WELLINGTON/SINGAPORE (BLOOMBERG) - Oil's sell-off reverberated through Asian markets for a second day on Wednesday (Feb 3), scuttling stocks and high-yielding currencies as anxiety over what the energy slump says about the health of the global economy saw investors seek out government debt.
Every major benchmark equity index in Asia retreated, while Standard & Poor's 500 Index futures signaled a third day of losses in American shares.
The MSCI Asia Pacific Index was down 2.3 per cent as of 10:36 am Hong Kong time. Nomura, which reported a 49 per cent drop in third-quarter profit, was among the biggest drags on the regional index and helped send the Topix to a 3.3 per cent slump. The Hang Seng China Enterprises Index of mainland companies in Hong Kong sank 3 per cent, despite a move by the central bank late Tuesday to prop up the Chinese real estate sector.
Singapore's Straits Times Index was down 1.63 per cent at 2,537.21 as of 11:01 am.
Futures on the S&P 500 declined 0.6 per cent, while Australia's benchmark equity gauge slumped 2 per cent and Korea's Kospi slipped 1.2 per cent.
US crude's 44 per cent retreat over the past year has weighed on growth in oil-rich emerging economies, fueled speculation of defaults by commodity producers and battered profits at corporate giants from BP to Exxon Mobil. In the latest sign that business conditions are deteriorating beyond the commodities industry, Nomura postponed a target for making its overseas operations profitable.
The rout in Japanese stocks has undone almost all of the gains from the Bank of Japan's surprise move to cut interest rates below zero on Friday.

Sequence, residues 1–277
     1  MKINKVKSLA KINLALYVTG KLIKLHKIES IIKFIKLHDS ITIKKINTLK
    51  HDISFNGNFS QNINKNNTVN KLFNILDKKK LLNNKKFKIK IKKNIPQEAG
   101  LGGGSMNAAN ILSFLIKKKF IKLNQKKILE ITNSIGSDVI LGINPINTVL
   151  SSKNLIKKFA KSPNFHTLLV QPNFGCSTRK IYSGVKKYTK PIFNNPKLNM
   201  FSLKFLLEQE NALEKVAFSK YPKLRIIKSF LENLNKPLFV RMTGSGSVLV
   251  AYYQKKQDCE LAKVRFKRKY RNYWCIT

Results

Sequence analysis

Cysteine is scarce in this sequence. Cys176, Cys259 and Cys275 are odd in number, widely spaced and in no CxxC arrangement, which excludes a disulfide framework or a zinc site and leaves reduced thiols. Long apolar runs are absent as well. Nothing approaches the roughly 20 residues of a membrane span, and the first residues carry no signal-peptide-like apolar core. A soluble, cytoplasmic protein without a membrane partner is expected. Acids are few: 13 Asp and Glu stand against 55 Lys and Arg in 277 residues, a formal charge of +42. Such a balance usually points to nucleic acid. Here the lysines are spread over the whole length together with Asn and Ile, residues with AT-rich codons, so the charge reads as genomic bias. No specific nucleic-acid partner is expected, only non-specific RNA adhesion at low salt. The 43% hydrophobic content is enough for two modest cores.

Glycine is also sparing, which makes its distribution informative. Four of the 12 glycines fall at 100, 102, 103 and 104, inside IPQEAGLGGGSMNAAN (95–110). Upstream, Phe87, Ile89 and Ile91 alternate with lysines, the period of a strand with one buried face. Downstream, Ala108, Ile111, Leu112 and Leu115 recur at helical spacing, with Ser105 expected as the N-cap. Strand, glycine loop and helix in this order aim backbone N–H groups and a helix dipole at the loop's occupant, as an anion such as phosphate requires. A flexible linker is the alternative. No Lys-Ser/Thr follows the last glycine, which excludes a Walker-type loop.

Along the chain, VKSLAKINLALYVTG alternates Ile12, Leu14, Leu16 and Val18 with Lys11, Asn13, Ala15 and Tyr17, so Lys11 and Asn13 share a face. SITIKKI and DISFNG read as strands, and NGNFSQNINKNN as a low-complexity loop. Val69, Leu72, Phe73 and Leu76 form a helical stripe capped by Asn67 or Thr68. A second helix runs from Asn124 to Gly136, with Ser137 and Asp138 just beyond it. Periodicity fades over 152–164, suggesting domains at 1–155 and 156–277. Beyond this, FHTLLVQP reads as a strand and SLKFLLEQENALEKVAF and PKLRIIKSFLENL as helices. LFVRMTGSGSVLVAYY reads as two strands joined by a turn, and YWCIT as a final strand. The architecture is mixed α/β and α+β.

"The underlying fundamentals are deteriorating," said Chris Weston, the chief market strategist at IG Ltd. in Melbourne. "How much more can central banks do from here?"
Malaysia's ringgit led declines among Asian currencies with the Korean won, while the New Zealand dollar rallied after the central bank chief signalled he's in no rush to cut interest rates further.
Oil has obliterated last week's rebound as energy analysts predict another round of stockpile gains amid simmering concern over the supply glut and a lack of willingness by major oil producers to address it.
Anxiety that the drop in oil and wider turmoil across financial markets will impact world growth is taking root, with an indexrun by Citigroup indicating data in Group of 10 economies is falling short of estimates by the most since May 2013. Exxon Mobil reported its biggest earnings decline in more than a decade on Tuesday, after BP posted a 91 per cent slump in its own quarterly profit.
A measure of service-industry growth in China, the epicentre of investors' concerns at the start of the year, is due on Wednesday, and Thailand is expected to keep its benchmark interest rates on hold. The Bank of Japan, which surprised markets with a stimulus boost last week, saw no need to ease policy at the end of last year, December meeting minutes showed.
"Since the BOJ cut last week, markets have been on edge, concerned that the global situation is considerably worse than initially envisaged and that global central bank's will be unable to combat deflationary risks driven by plummeting oil prices," Mr Mark Smith, a senior economist in Auckland at ANZ Bank New Zealand, said in a client note.